Your Republican Party has some 'splaining to do:
When House Appropriations Committee chairman David Obey, the Wisconsin Democrat who has long championed investment in pandemic preparation, included roughly $900 million for that purpose in this year's emergency stimulus bill, he was ridiculed by conservative operatives and congressional Republicans. [. . .]With luck and some hard work by public health officials (not to mention lots of hand washing--I want to see suds, people!), the current Swine Flu outbreak will not become pandemic, as 3rd Way fears it might. However, as John Nichols points out in the piece quoted above, the effect of precautions or recovery from an outbreak may well be to slow economic recovery in parts of the country--something that a boost in spending months ago might have prevented.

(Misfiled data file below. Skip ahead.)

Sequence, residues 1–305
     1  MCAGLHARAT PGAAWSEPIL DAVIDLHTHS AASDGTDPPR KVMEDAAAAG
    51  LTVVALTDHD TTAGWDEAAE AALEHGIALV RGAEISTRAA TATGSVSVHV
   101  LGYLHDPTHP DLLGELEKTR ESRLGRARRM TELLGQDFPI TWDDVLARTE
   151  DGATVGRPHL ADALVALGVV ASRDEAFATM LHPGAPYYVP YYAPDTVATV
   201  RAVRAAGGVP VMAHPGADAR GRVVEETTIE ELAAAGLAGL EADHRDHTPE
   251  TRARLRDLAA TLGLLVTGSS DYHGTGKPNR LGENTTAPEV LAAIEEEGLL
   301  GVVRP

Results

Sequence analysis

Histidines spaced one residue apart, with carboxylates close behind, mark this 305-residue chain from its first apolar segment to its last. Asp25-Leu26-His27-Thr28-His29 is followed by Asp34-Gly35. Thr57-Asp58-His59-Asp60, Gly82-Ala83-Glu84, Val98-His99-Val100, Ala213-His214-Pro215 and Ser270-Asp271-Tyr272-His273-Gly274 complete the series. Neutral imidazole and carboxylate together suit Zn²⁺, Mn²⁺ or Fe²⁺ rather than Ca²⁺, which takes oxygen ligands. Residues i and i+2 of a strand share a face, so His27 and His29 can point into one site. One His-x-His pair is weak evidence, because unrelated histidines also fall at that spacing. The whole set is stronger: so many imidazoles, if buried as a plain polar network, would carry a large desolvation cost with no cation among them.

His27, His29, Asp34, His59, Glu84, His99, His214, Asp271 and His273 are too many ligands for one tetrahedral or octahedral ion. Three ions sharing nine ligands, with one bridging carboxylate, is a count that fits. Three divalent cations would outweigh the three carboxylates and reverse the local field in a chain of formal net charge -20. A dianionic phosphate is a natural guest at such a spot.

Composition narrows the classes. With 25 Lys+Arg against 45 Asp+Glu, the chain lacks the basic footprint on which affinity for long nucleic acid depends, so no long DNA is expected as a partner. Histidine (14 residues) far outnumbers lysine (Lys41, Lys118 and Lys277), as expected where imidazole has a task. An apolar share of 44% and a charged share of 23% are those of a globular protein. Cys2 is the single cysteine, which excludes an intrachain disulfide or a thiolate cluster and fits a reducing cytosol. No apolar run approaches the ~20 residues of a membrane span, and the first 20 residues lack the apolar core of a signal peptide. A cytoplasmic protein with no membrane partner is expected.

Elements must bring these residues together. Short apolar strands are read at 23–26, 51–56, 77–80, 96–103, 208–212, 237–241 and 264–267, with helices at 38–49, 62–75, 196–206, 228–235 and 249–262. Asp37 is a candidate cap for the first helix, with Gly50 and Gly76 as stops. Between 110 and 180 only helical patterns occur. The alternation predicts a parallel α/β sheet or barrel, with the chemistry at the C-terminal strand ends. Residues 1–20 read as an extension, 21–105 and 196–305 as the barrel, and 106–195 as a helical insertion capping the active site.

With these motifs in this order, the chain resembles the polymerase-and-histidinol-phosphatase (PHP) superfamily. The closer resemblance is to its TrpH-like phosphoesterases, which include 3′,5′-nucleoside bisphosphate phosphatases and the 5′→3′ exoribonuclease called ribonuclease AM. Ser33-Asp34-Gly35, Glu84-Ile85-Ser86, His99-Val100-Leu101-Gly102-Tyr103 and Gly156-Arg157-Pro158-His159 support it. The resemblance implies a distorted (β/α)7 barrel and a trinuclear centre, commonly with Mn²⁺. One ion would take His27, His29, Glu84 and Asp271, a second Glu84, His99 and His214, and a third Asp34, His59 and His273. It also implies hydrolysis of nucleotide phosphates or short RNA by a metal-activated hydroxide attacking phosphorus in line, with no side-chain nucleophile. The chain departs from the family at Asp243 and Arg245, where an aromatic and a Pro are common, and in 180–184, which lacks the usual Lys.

The attack on pandemic preparation became so central to the GOP strategies that AP reported in February: "Republicans, meanwhile, plan to push for broader and deeper tax cuts, to trim major spending provisions that support Democrats' longer-term policy goals, and to try to knock out what they consider questionable spending items, such as $870 million to combat the flu and $400 million to slow the spread of HIV and other sexually transmitted diseases."
Famously, Maine Senator Susan Collins, the supposedly moderate Republican who demanded cuts in health care spending in exchange for her support of a watered-down version of the stimulus, fumed about the pandemic funding: "Does it belong in this bill? Should we have $870 million in this bill No, we should not."
Even now, Collins continues to use her official website to highlight the fact that she led the fight to strip the pandemic preparedness money out of the Senate's version of the stimulus measure.